How to Train your Warjack: Voice of the Voiceless 2

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This week, I will mostly be talking about animal communication, and how this can give some guidelines for how ‘jacks might communicate via venting steam, clanking machinery, and other “vocalisations”.Just a quick one, because I’m preparing to defend my thesis in… er… 36 hours…

Communicative signals are intentional behaviours which carry meaning – that is, information that corresponds to the environment is some way. These are distinct from informative signals, which are not intentional. Body posture and other body language is usually informative. Another example is a bird flying away when it sees a predator – other birds in the flock can still use this information, but it’s not actually communication.

 Also distinct from communication is language. There’s some debate on exactly where the line is, but the usual suspects that distinguish language from mere communication are reflexivity (communicating about language with language), displacement (communicating about things that are not here and now), arbritrariness (the meaning of language is unrelated to its formal properties), cultural transmission (the meaning of a sound varies by culture), productivity and generativity (language users can recombine sounds for new meaning in a way animals can’t.)

The reason that I make this distinction now is that I don’t believe warjacks to be capable of true language – they’re restricted to communication. The systems they use for this can be very complex. For example, bees use a complex “waggle dance” to communicate the location of food to other bees. It appears to have grammar like properties, using speed to indicate distance and angle relative to the sun to indicate location. However, they cannot create novel sentences – the waggle language, however complex, never incorporates new waggles.

However, we’ve established that we like the idea of warjacks learning, so some room for innovation is needed. Just not on the level that humans can acheive.

Animal communication transmits simple information. I’d limit warjack vocalisations to basic emotions and basic states of the environment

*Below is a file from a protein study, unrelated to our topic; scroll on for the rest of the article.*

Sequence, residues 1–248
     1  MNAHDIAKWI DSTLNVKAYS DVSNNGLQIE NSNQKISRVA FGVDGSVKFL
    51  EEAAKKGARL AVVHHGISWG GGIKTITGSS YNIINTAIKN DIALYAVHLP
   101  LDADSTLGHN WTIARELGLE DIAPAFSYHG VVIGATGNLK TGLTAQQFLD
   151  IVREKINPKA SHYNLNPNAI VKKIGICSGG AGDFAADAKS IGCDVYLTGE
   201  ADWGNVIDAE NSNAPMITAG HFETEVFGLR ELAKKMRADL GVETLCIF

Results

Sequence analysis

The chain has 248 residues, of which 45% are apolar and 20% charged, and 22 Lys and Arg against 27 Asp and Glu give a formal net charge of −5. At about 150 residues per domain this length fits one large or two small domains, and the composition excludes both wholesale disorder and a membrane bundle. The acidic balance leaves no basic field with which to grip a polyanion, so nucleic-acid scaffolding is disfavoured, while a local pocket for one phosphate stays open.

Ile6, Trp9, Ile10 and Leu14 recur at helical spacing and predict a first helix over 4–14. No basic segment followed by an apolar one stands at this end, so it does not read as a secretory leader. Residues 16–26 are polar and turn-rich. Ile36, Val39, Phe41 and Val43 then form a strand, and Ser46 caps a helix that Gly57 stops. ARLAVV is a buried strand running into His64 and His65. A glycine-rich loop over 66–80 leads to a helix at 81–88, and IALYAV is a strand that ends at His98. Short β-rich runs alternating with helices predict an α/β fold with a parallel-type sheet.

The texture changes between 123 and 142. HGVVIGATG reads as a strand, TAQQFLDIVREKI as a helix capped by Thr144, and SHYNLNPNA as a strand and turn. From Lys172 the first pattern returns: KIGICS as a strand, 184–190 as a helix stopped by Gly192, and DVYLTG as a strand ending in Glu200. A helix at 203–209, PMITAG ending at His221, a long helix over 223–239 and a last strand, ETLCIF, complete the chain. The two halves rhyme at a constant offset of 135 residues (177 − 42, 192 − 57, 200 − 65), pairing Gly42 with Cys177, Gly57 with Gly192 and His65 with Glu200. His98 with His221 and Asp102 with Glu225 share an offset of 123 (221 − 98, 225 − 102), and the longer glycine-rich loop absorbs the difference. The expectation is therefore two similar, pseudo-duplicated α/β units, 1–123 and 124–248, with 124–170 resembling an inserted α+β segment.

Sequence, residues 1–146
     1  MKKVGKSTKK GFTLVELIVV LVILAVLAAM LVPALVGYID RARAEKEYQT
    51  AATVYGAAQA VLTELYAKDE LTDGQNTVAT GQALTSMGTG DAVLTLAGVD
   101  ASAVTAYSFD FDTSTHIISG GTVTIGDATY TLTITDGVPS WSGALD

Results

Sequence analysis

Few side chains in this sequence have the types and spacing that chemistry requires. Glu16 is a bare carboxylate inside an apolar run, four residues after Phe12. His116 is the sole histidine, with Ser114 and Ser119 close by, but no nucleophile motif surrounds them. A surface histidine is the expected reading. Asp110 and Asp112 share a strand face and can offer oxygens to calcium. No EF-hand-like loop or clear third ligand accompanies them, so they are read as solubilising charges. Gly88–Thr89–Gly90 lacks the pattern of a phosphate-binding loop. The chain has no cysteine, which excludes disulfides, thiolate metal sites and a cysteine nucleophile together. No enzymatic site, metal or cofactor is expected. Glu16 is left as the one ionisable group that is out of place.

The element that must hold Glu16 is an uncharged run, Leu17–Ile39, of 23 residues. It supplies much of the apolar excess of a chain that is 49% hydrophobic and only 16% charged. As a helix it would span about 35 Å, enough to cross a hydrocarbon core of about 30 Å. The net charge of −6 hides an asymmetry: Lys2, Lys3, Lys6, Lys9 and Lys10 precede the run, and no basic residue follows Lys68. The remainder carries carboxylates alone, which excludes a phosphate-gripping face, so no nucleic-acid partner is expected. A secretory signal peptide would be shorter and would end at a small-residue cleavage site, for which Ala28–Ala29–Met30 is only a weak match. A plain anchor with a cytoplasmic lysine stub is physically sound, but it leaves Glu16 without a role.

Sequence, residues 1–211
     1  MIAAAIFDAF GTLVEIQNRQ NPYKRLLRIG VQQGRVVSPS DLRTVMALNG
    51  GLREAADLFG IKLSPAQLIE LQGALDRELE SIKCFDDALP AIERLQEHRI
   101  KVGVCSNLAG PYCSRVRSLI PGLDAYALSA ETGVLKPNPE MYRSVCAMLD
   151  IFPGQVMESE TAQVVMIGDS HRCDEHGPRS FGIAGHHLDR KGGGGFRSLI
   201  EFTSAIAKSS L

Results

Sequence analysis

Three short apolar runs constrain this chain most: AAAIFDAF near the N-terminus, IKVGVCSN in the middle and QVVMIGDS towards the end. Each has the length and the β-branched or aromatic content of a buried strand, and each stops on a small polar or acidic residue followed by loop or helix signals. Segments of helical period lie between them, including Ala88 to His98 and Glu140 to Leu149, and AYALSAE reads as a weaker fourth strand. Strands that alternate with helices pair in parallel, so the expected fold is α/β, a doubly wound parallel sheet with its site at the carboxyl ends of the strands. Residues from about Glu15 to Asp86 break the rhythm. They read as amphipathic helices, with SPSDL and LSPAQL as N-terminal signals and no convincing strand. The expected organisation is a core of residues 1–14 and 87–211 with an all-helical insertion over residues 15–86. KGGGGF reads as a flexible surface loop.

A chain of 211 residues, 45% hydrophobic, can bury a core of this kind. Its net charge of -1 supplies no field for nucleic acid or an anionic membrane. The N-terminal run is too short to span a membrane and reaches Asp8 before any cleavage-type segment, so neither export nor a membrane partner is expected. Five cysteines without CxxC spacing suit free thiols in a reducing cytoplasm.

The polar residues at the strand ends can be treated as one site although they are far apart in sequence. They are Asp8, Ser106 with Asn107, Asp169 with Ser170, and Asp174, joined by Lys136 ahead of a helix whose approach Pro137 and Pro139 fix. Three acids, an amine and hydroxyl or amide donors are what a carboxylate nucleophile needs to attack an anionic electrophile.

1) Presence of a threat – anger or fear. Probably not fear for itself, but for its master/master’s friends. These two vocalisations should be similar enough in type (both steam, for example) but a different pitch
2) Frustration – when the ‘jack wants to do something but isn’t allowed. This should be of the same type as the anger signal (i.e. steam vent if anger is a steam vent) but at a different intensity, pitch, and/or rhythm.
3) Joy – on an animal level, joy means you just got reinforced for something, and nothing is threatening to take it way. This should be a different type to the “danger” vocalisations above.
4) Relaxation – the end of a stress cycle comes with a massive winddown – after the fight or flight, a long, drawn out, sigh-like version of the “joy” signal.

Pretty much everything else should be some variant of this. Warjacks have no need for food signals – they’re all about the stress-cycle of battle. For labourjacks, they should express mild versions of this for their longer, but lower intensity, stress-work cycle. Maybe with some added singing, because I like the idea. They should, however, be able to communicate (probably with hand gestures) to other labourjacks they work with, or indeed other people. But that’s more of a body language thing – unless there’s a falling bit of masonry to trigger their “DUUUUCK” vocalisation.

And that’s it from me for this week,

Te Nosce,



One thought on “How to Train your Warjack: Voice of the Voiceless 2

  1. Good luck on your thesis! I generally use something like this, with the ‘jacks basically changing the “tone” of the vocalization (always steam venting of some form or another) by combining it with body language. Well, one of the ‘jacks has a scrapsaw and supplements its vocalizations with the high-pitched scream of the saw on occasion. I also occasionally alter the glow of the eyes or use a flare of the furnace (as I maintain that ‘jacks have some regulation of their furnace system to keep them going and to allow them to go from “standby burn” to “combat burn” on command rather than necessitating turning valves and pulling levers).

    Their communication is generally limited to what you listed, with the occasional overtone of positive or negative emotions (Thunderwicket dislikes being left behind, and makes a low-volume vent with slumped posture and tilted head, Bob hates being held back from a fight and makes a high vent whistle combined with a scrapsaw scream and hopping from foot to foot with a flare of the furnace, etc).

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